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From "Noel J. Bergman" <n...@devtech.com>
Subject RE: [Mailet API] Logging Proposal
Date Tue, 11 Jun 2002 16:19:30 GMT
Darrell,

> * I pretty much agree with Danny and Serge that the Mailet API itself
>   shouldn't have any direct dependencies on the Avalon Framework

If you adopt the Avalon programming model, that would most likely be the
case.  The Mailet interfaces would be clean because the Avalon programming
model is based upon composition of fine grained interfaces on the
components.

But I strongly disagree with the rest of what you said, purely on the
grounds that you did not make it mandatory.  The argument is presented
below.  If you make your statements mandatory, then we're in agreement.

> * Any Mailet written solely against the Mailet API will function perfectly
in
>   James, the Reference implementation of a Mailet container.

> * This doesn't mean that a particular Mailet shouldn't be able to use
Avalon
>   Framework interfaces

Insufficient.  Mailets should be portable.  We can't simply wash our hands
of a functional area and say "it isn't Mailet behavior, so we just won't
deal with it."  A Mailet needs to use a service.  We need to provide a
common means to do so, or we effectively mandate platform-dependence.

> LogEnabled provides a clean, implementation neutral way of getting
> a Logger from the Mailet container, but some mailets may choose
> other ways.

A Mailet may CHOOSE another way, but that means it will be
platform-dependent.  Fine, but we must still support platform-independence.
It is one thing to say that I can roll my own, but quite another to say that
I MUST.  How do we ensure both platform independence and proper behavior if
everyone rolls their own?  The platform neutral stance is to EITHER have
logging in the Mailet API, or say that if a container wants to providing
logging to platform-independent mailets then it SHALL use LogEnabled.
Otherwise you have software anarchy.

> * I believe that James should provide support for a relevant subset of
Avalon
>   contracts, maybe just LogEnabled, or any others that seem very useful.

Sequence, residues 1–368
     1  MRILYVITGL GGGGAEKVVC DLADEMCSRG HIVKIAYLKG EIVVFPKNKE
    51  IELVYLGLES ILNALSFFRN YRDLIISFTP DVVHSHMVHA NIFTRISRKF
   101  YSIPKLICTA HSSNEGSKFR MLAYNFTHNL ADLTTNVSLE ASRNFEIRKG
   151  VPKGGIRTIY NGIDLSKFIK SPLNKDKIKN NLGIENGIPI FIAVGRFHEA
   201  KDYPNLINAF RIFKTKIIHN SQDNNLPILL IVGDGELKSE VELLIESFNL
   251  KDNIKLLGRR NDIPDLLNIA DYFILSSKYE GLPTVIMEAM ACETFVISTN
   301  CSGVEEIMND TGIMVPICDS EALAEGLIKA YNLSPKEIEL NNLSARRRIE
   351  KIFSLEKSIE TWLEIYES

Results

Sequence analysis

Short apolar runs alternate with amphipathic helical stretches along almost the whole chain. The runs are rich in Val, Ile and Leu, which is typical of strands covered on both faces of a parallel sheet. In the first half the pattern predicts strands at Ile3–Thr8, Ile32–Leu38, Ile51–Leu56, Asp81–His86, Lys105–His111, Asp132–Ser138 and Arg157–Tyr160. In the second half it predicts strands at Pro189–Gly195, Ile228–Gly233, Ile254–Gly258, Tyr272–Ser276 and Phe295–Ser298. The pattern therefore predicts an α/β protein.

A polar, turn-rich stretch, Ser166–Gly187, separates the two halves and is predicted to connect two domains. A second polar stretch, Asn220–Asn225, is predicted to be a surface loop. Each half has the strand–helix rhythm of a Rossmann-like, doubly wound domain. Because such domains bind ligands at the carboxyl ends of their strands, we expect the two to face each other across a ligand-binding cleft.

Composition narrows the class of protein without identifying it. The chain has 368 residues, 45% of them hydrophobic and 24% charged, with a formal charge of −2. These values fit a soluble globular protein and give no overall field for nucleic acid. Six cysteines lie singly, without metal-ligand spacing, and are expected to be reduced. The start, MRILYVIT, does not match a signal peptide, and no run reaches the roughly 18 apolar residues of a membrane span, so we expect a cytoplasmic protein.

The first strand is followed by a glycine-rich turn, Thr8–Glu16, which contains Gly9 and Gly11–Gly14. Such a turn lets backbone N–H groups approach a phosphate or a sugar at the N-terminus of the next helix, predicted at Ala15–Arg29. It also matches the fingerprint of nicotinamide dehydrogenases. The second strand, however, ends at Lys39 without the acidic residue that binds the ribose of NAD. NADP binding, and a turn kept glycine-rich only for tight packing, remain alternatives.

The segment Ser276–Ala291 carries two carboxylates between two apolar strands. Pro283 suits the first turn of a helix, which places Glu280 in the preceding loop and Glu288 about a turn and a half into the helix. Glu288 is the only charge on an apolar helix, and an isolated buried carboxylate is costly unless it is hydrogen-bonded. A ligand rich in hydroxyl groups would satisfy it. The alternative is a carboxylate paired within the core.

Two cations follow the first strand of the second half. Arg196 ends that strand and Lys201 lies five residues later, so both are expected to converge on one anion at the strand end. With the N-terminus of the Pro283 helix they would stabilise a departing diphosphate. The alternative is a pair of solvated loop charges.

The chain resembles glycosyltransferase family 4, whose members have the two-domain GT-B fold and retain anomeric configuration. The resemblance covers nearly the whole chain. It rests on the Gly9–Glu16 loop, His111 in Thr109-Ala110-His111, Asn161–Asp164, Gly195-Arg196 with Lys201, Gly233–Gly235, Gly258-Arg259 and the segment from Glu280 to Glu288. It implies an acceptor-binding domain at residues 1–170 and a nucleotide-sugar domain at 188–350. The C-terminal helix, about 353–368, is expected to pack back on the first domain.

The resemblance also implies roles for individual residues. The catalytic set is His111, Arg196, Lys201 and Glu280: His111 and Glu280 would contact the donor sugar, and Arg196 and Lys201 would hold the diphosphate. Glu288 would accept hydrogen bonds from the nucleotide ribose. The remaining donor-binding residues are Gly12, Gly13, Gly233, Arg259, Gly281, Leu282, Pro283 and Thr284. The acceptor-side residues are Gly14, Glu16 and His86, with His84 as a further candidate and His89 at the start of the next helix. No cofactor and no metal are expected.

No.  Not a strong enough statement.  If JAMES does it, then it is James
specific.  We either provide a portable Mailet specification, or just bag
the whole independent API idea, and say that James IS the Mailet SDK.  Which
is NOT what we want to say.  It is not JAMES that does it, but Mailet
Containers do it, of which James is the reference implementation.

> * If a Mailet writer wants their *LogEnabled* Mailet to work in a
>   non-avalonized container, they would need to ensure that they
>   provide a default Logger themselves

Absolutely NO!  From where do they get this "default Logger", hmmm?  LogKit?
System.err.println?  Vendor specific API?  Log4J?  Do you see my point?
This is anarchy.

This relates to Danny's question: 'What do you mean by "platform-specific"',
which I believe I have just demonstrated.  If I have a non-avalonized
container, no standard logging, and a bunch of rolled-my-own-logging mailets
from various sources, I am a frustrated and annoyed administrator.  The
container should provide me with logging, or not, by some standard interface
(contract) with my component.

> these are just mailet implementations, and not part of the Mailet API
itself.

As a Mailet author, the API is what I know.  Unless the Mailet Specification
tells me what ELSE I can know to be PORTABLE, e.g., tells me that I use the
Avalon Frameworks, and that Mailet Containers will do the right things.

> I guess the main point is that we can have the Mailet API completely
> independent of Avalon-Framework, yet still *support* Avalon-Framework
> contracts in James, the Mailet Container. This keeps the Mailet API clean,

James is A Mailet Container.  You need to mandate that this as common
behavior for A Mailet Container, not just James.  Else, you are wrong.  It
punts.  It says that "oh, well we don't know how to do it, so here is one
way, but don't count on it; it isn't our problem."

Clean?  Here is clean:

   interface Mailet { public void service(Mail) throws Exception }

That provides the minimal behavior, but it is insufficient to allow me to
write real-world portable mailets.  The missing pieces need to be filled in
either by expanding the portable specification, or by writing vendor
specific mailets.  The Servlet API and the Avalon model expand the portable
specification differently.

The Servlet API specifies the entirety of the common interface, including
such things as logging and configuration.  Container authors need implement
just those interfaces, plus the semantics defined in the specification.

In the Avalon model, the API focuses on domain-specific behavior, and the
container specification places additional requirement upon the container.
Container authors would be told how containers interact with components,
inspect their interfaces, etc.  The container specification indicates how
the container provides configuration information to a component, independent
of the component domain.  The good news is that this core container behavior
is independent of the component types.  Servlet containers and Mailet
containers, today, have a lot of purpose-built code, but that would change
if both APIs were "Avalon-ized."  There would be more common code.  The
differences would be in the specifics of handling HTTP requests and Mail
requests.

This is why I asked Paul if he could provide a simple Avalon container, so
that we can all see whether or not it is reasonable to mandate that all
containers support this approach.  My feeling is that it could be the right
way to go.  The alternative is the Servlet API approach, but we already know
that there are issues there.  The wrong thing is to just punt, and mandate
platform-dependence by inaction.

	--- Noel


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